You’re probably familiar with Henry David Thoreau’s writings on civil disobedience, but you may not know that the influential 19th-century thinker also had a good deal to say about fashion. In his much-celebrated classic Walden, Thoreau’s exploration of self-reliance and simple living led him to contemplate clothing, a commodity that paradoxically exists as both basic necessity and exorbitant luxury.
Coming from a man who stopped drinking tea and coffee because he viewed them as superfluities, it’s unsurprising that Thoreau’s sentiments about clothing flow from the idea that less is more. He claims that “It is desirable that a man be clad so simply… and that he live in all respects so compactly and preparedly that, if an enemy take the town, he can… walk out the gate empty-handed without anxiety.” (See a modern-day example of someone who shares this sentiment here).
Yet his biggest frustrations are less with excess than they are with misplaced values. His regret that “there is greater anxiety, commonly, to have fashionable… clothes, than to have a sound conscience,” seems eerily fitting in a century where trendiness is so often pursued at the expense of the environment and third-world garment workers.
Thoreau goes on to warn against the danger of focusing on outer change to the neglect of inner and more significant developments, advising, “Beware of all enterprises that require new clothes, and not rather a new wearer of clothes. If there is not a new man, how can the new clothes be made to fit?… Perhaps we should never procure a new suit, however ragged or dirty the old, until we have so conducted, so enterprised or sailed in some way, that we feel like new men in the old, and that to retain it would be like keeping new wine in old bottles.” Rather than advising that you buy a new power suit before the big interview, Thoreau would encourage you to refrain until you’ve not only landed the position, but have been changed by virtue of it.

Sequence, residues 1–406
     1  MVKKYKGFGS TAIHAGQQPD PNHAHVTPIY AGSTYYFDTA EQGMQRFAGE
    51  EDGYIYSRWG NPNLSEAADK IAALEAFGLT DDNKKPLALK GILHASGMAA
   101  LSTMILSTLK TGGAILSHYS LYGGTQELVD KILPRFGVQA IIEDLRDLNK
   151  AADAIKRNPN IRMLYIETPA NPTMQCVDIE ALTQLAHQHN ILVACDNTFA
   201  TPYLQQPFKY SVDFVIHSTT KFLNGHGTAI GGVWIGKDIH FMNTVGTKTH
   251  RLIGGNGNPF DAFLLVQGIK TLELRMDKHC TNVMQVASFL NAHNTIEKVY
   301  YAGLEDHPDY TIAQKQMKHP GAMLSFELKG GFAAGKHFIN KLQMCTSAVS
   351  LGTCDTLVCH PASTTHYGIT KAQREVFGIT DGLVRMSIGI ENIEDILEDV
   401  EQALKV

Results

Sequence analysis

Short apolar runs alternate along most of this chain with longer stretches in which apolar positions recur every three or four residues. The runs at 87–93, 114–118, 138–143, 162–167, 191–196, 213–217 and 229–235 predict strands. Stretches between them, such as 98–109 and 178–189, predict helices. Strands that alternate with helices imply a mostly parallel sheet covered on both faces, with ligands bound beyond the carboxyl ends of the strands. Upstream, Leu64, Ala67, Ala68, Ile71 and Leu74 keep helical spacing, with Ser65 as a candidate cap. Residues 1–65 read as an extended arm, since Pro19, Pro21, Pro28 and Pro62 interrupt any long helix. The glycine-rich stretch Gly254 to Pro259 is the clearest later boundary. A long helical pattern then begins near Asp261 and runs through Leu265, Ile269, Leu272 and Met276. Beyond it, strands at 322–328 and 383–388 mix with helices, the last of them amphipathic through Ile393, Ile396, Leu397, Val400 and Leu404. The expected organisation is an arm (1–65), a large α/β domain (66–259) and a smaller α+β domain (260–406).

One of the most central ideas of Thoreau’s philosophy of fashion is that an item is only as valuable as the person wearing it. He remarks on how absurd the styles of the past seem to modern people, noting, “It is only the… sincere life passed within it which restrain laughter and consecrate the costume of any people… When a soldier is hit by a cannonball, rags are as becoming as purples.”
Ultimately, I don’t agree with all of Thoreau’s conclusions about clothing. His claim that “the object of clothing is, first, to retain the vital heat, and secondly… to cover nakedness” reveals a utilitarian mindset that leaves little room for the human craving for beauty. Thoreau’s dismissive attitude towards art and architecture elsewhere in Walden further illustrate his opinion that simplicity and visual creativity are usually mutually exclusive.
Though I would defend fashion on the basis that it can function as a positive expression of unique identity and the creative urge, I have to admit that these high ideals aren’t always the primary motivation compelling the average shopper to buy new shoes. Thoreau says, “As for Clothing… perhaps we are led oftener by the love of novelty and a regard for the opinions of men, in procuring it, than by a true utility.” When following the latest trend becomes a tool to garner unearned approval, fashion becomes a pitifully shallow thing indeed.
Thoreau would say that this corruption of purpose goes beyond the personal level, claiming that “the principal object [of the clothing industry] is, not that mankind may be well and honestly clad, but, unquestionably, that corporations may be enriched.” This, too, raises tough but important questions. While I certainly believe there are companies and designers who approach their work from a more pure set of motives, there are unquestionably many just fighting for a bigger piece of the fashion industry’s multi-billion-dollar pie.
Regardless of whether I see eye-to-eye with Thoreau on everything fashion-related, I’m grateful for the reminders he offers about simplicity and the perceived necessity of constantly obtaining new clothes. After all, “if my jacket and trousers, my hat and shoes, are fit to worship God in, they will do; will they not?”